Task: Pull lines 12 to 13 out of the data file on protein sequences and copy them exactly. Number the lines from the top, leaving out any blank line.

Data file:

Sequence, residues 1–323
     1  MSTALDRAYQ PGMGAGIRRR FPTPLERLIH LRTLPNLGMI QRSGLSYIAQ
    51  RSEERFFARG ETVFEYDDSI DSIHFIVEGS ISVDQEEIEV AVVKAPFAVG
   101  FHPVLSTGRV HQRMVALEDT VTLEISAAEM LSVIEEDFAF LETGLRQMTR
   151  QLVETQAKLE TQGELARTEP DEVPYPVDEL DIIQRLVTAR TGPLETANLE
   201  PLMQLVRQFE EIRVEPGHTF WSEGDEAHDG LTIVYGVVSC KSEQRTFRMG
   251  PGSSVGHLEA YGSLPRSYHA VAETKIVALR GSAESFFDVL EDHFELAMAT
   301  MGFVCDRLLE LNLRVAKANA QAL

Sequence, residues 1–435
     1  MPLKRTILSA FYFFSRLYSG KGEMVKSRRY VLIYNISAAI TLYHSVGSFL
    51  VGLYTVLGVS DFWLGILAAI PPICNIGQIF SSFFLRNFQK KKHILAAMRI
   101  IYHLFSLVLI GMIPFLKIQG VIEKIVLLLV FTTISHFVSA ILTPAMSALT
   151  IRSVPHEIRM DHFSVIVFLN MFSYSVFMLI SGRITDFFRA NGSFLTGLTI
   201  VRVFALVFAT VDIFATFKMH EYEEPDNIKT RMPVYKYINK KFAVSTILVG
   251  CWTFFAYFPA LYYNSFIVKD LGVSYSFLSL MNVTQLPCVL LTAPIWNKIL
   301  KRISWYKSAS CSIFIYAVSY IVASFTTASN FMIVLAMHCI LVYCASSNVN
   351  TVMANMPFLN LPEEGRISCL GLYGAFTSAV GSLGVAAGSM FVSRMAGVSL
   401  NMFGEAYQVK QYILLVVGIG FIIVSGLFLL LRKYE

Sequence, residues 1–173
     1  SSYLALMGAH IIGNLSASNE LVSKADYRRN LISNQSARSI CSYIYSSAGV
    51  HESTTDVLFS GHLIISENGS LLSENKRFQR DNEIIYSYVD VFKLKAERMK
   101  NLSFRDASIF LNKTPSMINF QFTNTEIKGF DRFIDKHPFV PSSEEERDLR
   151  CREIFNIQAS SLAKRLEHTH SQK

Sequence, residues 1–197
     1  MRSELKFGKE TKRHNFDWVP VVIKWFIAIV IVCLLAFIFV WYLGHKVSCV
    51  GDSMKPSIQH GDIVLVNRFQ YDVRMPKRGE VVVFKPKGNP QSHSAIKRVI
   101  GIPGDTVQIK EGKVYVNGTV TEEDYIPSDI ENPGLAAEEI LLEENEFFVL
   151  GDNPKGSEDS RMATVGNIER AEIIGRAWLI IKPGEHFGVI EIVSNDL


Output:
   101  IYHLFSLVLI GMIPFLKIQG VIEKIVLLLV FTTISHFVSA ILTPAMSALT
   151  IRSVPHEIRM DHFSVIVFLN MFSYSVFMLI SGRITDFFRA NGSFLTGLTI